Where to find Filipino food in Seattle
 

This interview is part of a series on ‘Where to Find Filipino Food in Seattle’ originally published in the University of Washington Magazine, edited by Julie David & Quinn Russell Brown on September 3, 2019. Photography by Meron Menghistab.

 
 

That’s what I want folks to take away when they have our food and experience our space—that our legacy is one of survival, innovation and adaptability. We bring our traditions with us and develop new ones, changing the landscape and being changed by it in the process.”

— GEO QUIBUYEN, ’13, CO-OWNER OF HOOD FAMOUS

 
Hood Famous Cafe + Bar in the Chinatown-International District.    Photo by Meron Menghistab.

Hood Famous Cafe + Bar in the Chinatown-International District. Photo by Meron Menghistab.

Three questions with Geo Quibuyen

1. You opened food establishments in both Ballard and Chinatown-International District. Has your perspective on Seattle changed in the process?

Geo Quibuyen: It’s been surreal jumping from the music industry to the food and hospitality industry, all while the city has undergone big changes. It’s always been changing, but the change curve has been more dramatic in the last four to five years than the previous 15 to 20.

If anything, all the things that I believed and felt for a long time, I now believe and feel even more intensely. Things such as addressing and combating displacement, organizing for equity for working-class people, centering POC and marginalized community narratives, linking the struggles of our homelands with the diaspora, etc. The ways and mediums through which I engage with these issues might’ve shifted, but the issues remain front and center as ever.

2. What kind of Filipino influences do you want to be part of the Hood Famous brand? What do you want the customer to take away from the culture?

Geo: I’m eclectic, and always have been. I can’t shy away from that. Some people see it as a lack of focus or commitment to one thing, but it’s my reality. I grew up in a Filipino household, surrounded by other Filipino families, but my crew has always included people from all kinds of ethnic backgrounds and personalities. I grew up in the mass-media, consumer-based pop-culture era, and witnessed a proliferation of new media and interactions with all kinds of culture.

I’m fascinated—and overwhelmed—by it all. We moved around a lot. And I’m not alone. The Filipino diaspora and global labor migration wave is one of the most wide-reaching, and everywhere our people go, we’re changing and being changed by the locales we become a part of. That’s what I want folks to take away when they have our food and experience our space—that our legacy is one of survival, innovation and adaptability. We bring our traditions with us and develop new ones, changing the landscape and being changed by it in the process.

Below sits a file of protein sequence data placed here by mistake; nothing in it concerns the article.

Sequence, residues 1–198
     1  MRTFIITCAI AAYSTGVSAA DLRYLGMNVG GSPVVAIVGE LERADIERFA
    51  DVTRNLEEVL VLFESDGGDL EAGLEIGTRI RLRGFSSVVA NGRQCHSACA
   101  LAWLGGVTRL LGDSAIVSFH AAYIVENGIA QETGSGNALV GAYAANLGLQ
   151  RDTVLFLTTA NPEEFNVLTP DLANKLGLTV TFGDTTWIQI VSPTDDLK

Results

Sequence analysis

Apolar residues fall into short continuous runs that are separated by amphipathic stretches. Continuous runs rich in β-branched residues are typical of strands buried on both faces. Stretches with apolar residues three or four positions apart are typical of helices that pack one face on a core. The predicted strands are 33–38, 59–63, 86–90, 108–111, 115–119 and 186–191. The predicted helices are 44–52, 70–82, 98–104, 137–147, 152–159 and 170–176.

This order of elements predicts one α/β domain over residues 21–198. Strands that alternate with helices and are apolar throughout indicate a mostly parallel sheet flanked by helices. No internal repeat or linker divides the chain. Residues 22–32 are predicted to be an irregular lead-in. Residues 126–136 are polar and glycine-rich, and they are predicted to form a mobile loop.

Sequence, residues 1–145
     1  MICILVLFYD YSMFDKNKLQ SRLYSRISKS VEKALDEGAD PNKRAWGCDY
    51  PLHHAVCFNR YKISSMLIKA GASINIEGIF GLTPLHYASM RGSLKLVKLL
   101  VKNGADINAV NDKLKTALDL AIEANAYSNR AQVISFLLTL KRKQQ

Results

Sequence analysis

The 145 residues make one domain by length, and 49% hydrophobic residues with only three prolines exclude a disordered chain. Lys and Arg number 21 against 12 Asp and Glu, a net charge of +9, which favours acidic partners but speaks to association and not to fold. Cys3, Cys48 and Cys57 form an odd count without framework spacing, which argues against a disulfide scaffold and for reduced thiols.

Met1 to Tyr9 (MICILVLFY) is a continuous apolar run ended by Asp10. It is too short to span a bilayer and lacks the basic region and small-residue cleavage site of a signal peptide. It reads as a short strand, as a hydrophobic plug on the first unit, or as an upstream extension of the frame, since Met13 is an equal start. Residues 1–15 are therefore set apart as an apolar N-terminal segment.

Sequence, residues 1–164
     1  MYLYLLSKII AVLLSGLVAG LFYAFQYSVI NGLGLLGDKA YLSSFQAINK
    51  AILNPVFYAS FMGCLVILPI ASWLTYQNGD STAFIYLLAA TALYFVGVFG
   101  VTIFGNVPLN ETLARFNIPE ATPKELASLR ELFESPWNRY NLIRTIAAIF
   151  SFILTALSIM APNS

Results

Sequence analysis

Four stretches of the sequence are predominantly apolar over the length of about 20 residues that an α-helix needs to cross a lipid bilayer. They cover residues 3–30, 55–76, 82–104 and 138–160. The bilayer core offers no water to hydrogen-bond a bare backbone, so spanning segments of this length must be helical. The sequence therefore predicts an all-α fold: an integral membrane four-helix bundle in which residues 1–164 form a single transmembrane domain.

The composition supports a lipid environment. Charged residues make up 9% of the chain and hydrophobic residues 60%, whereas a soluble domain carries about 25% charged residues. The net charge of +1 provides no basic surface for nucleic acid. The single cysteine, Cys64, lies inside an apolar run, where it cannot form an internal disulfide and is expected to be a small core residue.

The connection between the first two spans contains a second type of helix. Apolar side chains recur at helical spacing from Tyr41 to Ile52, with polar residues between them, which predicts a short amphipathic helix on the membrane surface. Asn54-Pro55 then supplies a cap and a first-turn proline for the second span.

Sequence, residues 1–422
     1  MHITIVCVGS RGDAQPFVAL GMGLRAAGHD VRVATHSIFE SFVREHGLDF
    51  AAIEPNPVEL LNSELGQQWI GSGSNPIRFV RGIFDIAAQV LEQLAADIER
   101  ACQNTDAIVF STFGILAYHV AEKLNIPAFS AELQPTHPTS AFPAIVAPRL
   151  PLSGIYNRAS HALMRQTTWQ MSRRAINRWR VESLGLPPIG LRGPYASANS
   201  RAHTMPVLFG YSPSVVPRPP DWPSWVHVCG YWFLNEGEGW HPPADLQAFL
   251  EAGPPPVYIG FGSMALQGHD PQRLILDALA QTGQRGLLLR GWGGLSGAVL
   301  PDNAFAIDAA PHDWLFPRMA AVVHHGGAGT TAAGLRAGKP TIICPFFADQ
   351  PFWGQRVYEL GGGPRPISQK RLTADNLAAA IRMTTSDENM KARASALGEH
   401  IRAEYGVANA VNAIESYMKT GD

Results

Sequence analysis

Hood Famous Cafe + Bar in the Chinatown-International District.    Photo by Meron Menghistab.

Hood Famous Cafe + Bar in the Chinatown-International District. Photo by Meron Menghistab.

3. How does being in Chinatown-International District inspire you?

Geo: Being in the CID means a lot to us. I became familiar in my late teens/early 20s with its deep history for many marginalized and immigrant communities, its ever-changing present and uncertain future. It’s become the neighborhood I’m most familiar with, perhaps even more than the ones I’ve lived in. Even before we opened our first brick-and-mortar in Ballard, we scoped out the neighborhood, unable to find a spot back then. When the opportunity came to open a spot, we hustled in every direction possible to make it happen.

So many things had to fall in place for us, and it did. The Filipino presence in the neighborhood, once thriving, has dwindled during our generation and we wanted to honor the legacy of folks who lived, worked, ran businesses in the hood long before we did. We’re currently the only Filipino-owned restaurant in the district, but we hope others open shop nearby, too.

Everything you see in the space is intentional—from cultural artifacts to the visual design inspired by materials, patterns and colors in the Philippines, and black & white archival photos of the community on the wall courtesy of Filipino American National Historical Society. The vibe is all about the present moment, but inspired and informed by history and building a foundation for the future.


This interview is a part of a series on ‘Where to Find Filipino Food in Seattle’ originally published in the University of Washington Magazine, edited by Julie David & Quinn Russell Brown on September 3, 2019. Photography by Meron Menghistab.